it was really by accident and it’s also a bit about being lazy we have a small farm in Southern Oregon like any small farmers we tried to figure out how to make it pay for itself which is a really tough thing to do so we’ve made a lot of artisan cheeses which is which was great for us but we didn’t sell much and our kids were starting to get to the age where they weren’t going to want to do all the milking so that was gonna fall to us so we knew we needed something else I trained as a cider maker and we put a lot of cider trees in but those take years to come in while we were waiting Kirstin had been making sauerkraut sand and pickles for a long time so we thought well we’ll just start this until the trees start producing and then that business took off and my cider business didn’t so she’s gonna tell you that story how she puts the flavors together I was I worked the crew in the kitchen which is the knives and the boxes and the jars and then we were in a business a couple of years it’s it’s a my hats off to anybody that can make it doing you know organic pickling business it’s a lot of work every one of those jars of stuff by hand and so 10 gallon crocks so there were some days where you just saw a wall of jars and giant crocks you know and you thought oh this is so great we’re living the dream we’ve got to get out of the dream the other thing was we would start bringing recipes and say hey here’s how you make this real simple recipes and people just kind of freaked out because they thought you’re not supposed to teach people how to do this but this has been done for 4000 years or more so we did not invent this product just some of the flavors you know putting on them together so we started doing that and then we actually enjoyed more teaching people how to do it than we did doing it so we decided to write a book to get out of the business as fast as we could and so unfortunately it’s hard to write a book when you’re in the business so we’d only do it in the wintertime when we kind of the cabbages weren’t in season and then finally it got picked up by story publishing it came out last October and the first run sold out and it’s five months six months and we’re on the second run right now and a little shout-out to America it just came out in German so there are there are Germans who are learning how to make sauerkraut from a couple of hippies in Oregon it’s pretty cool that’s the story about that I think the best thing we want to do now is not teach you any longer we brought a lot of varieties for you to taste and so what we’re gonna do is pass these out and get your get your taste buds going and then Kirsten’s gonna tell you what you’re eating so the first thing that I’m going to tell you about is it looks like regular sauerkraut you may or may not have a carrot it’s going to have sort of a salsa esque flavor that is credito that is from El Salvadorian tradition it’s a traditional flavor and I think there were a lot of German immigrants back in the day and so they brought this and and the flavors mixed it has cumin oregano onions garlic some carrots a few red pepper flakes you can make this super hot we don’t especially when we’re sampling it to folks what I love about this one is in the wintertime if you’re trying to you know eat kind of local fine it gives you that same flavor on your meal that a fresh salsa might but you know you’re not getting those yucky hothouse tomatoes you’re getting this live probiotic rich food the really dark purple one any guesses beeps yep beets and cabbage I brought a really unusual one tonight because we’ve had it and because it’s really a fun thing to see it’s leeks so if you have you might have a few little shreds of something you don’t recognize and that’s a that’s a leek kraut and it’s all leeks and it’s just sort of show you how delicious these vegetables that we wouldn’t normally eat raw or when they’re fermented there’s a spring kimchee so if you have a piece of napa or some carrots or some things like that there’s a just a really mellow kimchi this other purple one is a radish kimchi and then and nothing is nothing is spicy and like I said we do that not because that’s how we like to eat things but that’s how it’s it makes it easier to sample and then if you have a piece of cauliflower or a bright piece of carrot all by itself for a piece of onion those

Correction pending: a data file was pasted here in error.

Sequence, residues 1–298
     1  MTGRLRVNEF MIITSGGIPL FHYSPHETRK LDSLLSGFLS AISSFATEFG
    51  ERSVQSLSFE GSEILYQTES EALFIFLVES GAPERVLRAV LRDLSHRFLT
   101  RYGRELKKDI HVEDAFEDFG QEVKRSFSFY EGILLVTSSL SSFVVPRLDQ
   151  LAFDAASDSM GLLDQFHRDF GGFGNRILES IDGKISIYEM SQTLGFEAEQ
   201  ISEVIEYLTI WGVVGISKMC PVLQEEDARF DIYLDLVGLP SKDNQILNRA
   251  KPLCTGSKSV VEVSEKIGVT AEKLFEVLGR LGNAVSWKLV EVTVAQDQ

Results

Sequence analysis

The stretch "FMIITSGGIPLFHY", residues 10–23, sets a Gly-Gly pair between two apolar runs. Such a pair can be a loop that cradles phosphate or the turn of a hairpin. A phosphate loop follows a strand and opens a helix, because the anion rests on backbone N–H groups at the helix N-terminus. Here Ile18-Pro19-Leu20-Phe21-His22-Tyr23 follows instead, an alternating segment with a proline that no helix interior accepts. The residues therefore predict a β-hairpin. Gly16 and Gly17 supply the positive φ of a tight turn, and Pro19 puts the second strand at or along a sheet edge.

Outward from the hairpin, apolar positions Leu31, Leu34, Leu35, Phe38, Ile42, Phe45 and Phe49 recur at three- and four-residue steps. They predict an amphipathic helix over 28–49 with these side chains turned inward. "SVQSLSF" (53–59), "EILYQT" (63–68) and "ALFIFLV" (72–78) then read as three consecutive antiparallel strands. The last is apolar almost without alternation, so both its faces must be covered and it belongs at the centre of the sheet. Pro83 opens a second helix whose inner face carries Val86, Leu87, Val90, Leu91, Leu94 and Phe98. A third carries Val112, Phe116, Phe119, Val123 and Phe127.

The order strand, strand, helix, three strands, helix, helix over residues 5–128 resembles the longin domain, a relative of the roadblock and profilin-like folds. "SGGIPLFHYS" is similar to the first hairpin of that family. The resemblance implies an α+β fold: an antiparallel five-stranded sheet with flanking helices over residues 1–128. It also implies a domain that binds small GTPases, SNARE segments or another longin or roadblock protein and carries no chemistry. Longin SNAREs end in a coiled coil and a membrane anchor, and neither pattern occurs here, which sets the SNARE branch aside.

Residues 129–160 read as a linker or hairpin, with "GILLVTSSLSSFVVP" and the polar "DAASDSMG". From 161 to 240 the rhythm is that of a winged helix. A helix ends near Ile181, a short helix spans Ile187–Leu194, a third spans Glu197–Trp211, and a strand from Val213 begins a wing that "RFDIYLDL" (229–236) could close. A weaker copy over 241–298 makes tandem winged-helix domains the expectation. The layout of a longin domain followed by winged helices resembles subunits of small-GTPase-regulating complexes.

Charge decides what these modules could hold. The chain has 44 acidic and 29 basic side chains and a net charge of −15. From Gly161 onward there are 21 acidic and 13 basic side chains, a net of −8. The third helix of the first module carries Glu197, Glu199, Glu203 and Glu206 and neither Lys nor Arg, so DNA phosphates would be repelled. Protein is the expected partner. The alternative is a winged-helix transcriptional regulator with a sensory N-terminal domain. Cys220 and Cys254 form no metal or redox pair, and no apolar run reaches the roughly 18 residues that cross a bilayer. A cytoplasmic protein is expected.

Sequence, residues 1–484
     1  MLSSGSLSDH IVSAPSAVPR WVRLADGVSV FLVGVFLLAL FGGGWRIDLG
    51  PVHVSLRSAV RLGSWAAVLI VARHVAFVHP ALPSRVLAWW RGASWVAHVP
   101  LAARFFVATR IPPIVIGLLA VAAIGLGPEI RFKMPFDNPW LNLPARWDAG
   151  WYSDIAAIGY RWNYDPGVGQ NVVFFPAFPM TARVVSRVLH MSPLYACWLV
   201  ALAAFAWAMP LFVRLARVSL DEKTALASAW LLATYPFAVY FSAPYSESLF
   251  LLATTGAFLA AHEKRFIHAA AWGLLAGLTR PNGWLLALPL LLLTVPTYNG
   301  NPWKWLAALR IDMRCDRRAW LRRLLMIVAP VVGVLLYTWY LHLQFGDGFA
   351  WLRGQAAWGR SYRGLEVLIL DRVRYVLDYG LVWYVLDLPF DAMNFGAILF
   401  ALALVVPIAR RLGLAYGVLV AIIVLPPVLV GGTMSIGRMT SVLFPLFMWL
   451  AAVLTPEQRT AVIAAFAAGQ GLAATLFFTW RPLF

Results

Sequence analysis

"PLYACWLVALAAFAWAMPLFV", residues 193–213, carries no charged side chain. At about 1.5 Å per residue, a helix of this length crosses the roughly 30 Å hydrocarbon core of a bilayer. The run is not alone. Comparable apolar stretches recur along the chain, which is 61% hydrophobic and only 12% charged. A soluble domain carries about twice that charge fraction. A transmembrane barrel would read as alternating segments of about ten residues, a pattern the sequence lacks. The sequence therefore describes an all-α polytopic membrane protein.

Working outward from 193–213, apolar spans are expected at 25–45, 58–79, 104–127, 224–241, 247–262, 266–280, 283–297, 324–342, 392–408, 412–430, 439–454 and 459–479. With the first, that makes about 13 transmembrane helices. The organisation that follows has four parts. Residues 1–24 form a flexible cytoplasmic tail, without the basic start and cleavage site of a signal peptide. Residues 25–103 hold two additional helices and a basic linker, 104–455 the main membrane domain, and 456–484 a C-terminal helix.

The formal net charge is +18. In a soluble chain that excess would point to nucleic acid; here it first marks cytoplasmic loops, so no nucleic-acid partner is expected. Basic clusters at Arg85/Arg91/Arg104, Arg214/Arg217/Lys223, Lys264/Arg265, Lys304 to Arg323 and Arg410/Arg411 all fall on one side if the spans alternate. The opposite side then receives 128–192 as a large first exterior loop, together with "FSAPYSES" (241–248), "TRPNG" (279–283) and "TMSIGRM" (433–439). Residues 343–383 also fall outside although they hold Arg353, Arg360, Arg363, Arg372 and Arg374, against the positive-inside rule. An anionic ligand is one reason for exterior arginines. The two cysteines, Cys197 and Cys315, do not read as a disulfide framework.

are just simply pickled veg vegetables just done in a brine so let’s talk really quickly about why you might want to ferment your vegetables like Christopher said originally they were fermented for the very basic need of needing to preserve our harvest needing to preserve our foods taking us through the months when we don’t have fresh vegetable growth growing you know it’s right there with dehydrating as far as one of the oldest techniques known to preserve food there’s a lot of ideas of when humans started fermenting vegetables nobody actually knows for sure so that’s that’s thousands and thousands of years it was done as a basic necessity whether they knew it made them feel better whether they knew of the things that we call health benefits now I don’t know but it was what they needed to do to keep fresh and vitamins through the winter many cultures have a tradition of fermentation the exciting thing that’s happening now with this sort of rediscovery is it’s almost a renaissance because we have refrigeration because we have such a vast availability of vegetables to us and the farmers are growing great stuff and and things are available year-round we don’t have to just ferment our whole cabbage crop in the fall you know we can do just all kinds of things and that’s that’s where a lot of people chefs and people starting their own fermentation businesses are having a lot of fun with the flea so now we’re fermenting for that we’re fermenting for flavor people are often fermenting in teeny-tiny batches just to have a ferment in their refrigerator or to have I like to have a few ferments in my refrigerator because to me it’s convenience food you spend you know 20 minutes a half-hour making yourself a couple jars and then for weeks you have this instant live fresh salad fermented salad that’s just ready to go a throw it on a soup throw it on a sandwich just eat it out of the jar you know and it kind of takes the pressure off of when you really don’t feel like you have anything else healthy to eat just throw a little of that on there and that’s probably one of the reasons people started eating fermented foods with with rich foods like sausage is because we have in this food that you’re eating a whole bunch of digestive enzymes so it’s getting your body ready to digest these foods you’ve got probiotics and I’m sure all of you have heard a lot about probiotics and our gut biome so we’re discovering that a lot of our mood our happiness our our well-being our just feeling strong and able and fit comes from what’s going on in our gut and these foods if you’re starting to put those into your diet it helps keep your biome in good shape what’s really interesting is what’s happening to these vegetables as they get fermented how many people know what happens with fermentation sort of the basic process that means everybody’s new crowd to this one so it’s really cool the cabbage that he’s got right has less vitamins than the cabbage in here the process goes through we’ve got our little bacteria on there they’re fully loaded with everything we need for the process to happen and we’ll do a demo in just a minute and show exactly how that happens but as it’s happening the bacteria start working on the cabbage or whatever the vegetable is and eating the sugars the starches the carbohydrates they’re digesting their pre pre digesting they’re breaking down these things in the vegetables that we cannot assimilate so they’re making this food more available to our body as they’re doing that the vitamins are going up vitamin C goes up we now get vitamin b12 which most people know is not something that’s usually available in any other food are any pure vegetable food it’s an animal product but it’s available in sauerkraut also you get D they’re not excuse me k2 which is something we need to process our D we’re gonna make a lemon dill kraut and we used to call this at the market our gateway kraut because it’s a really bright lively flavor that people that swore up and down they would never eat sauerkraut often loved so for those